BALTIMORE (WJZ)-- A jury is seated, opening statements are complete and the prosecution calls its first witness in the trial for one of six officer's charged in the death of Freddie Gray.
WJZ Investigator Mike Hellgren was in the courtroom and has more.
Both prosecutors and defense attorneys took the newly seated jury along for Freddie Gray's faithful ride in a police van on April 12th, but their versions detour.
Prosecutors say Officer William Porter simply did not care about Gray's life. They say that Gray was handcuffed, legs shackled and that he pleaded with Officer Porter for medical help, but he did nothing. Instead, Gray was put on a bench, unsecured by one of the five seat belts, which is against department policy.
"That's exactly what the prosecution wants the jury to be thinking the whole trial: what happened to Freddie Gray inside the van," said Doug Colbert, law professor at University of Maryland. "The defense are going to be looking to bring the case outside of the van."
Prosecutors say Porter allowed the van to pick up another inmate, Donta Allen, and helped Allen from the van before ever assisting Gray, who by that time was motionless.
"All they did was going straight to the station, but I heard a little banging…like he was banging his head," said Allen.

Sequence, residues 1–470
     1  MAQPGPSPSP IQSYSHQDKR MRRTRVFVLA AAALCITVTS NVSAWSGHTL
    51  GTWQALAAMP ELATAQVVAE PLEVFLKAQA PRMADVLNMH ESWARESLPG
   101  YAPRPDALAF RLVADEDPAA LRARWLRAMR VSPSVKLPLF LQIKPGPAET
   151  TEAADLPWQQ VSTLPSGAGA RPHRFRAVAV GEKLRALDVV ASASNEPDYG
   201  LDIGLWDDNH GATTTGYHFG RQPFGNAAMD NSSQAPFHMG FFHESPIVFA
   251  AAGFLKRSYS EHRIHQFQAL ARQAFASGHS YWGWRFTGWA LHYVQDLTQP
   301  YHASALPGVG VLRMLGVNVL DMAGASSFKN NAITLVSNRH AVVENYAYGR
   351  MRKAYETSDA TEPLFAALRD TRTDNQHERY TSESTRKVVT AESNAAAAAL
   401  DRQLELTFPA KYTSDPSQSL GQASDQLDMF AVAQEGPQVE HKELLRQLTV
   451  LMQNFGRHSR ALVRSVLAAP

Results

But the defense claims that Gray never asked for medical help simply telling Porter to help him up off the van's floor and that Gray was acting crazy, thrashing widely in the van and Officer Porter thought Gray has simply worn himself out.
"You don't have to prove that he did something wrong or that he committed an act, but rather that the defendant did not do something that he should have done," said legal analyst Warren Alperstein.
The defense claims that Gray has a history of acting up to avoid jail and that he never told Porter that he could not breathe.
While Gray's loved ones were in court watching testimonies, so was the NAACP.
Officer Porter's lawyer told jurors, "Lets show Baltimore the whole damn system is not guilty as hell."
There was one witness called today: an officer who trained Officer Porter on what to do if a person in-custody has a medical emergency, or request medical help, she says you should always call 911.
The jury was seated early Wednesday morning consisting of eight women and four men.
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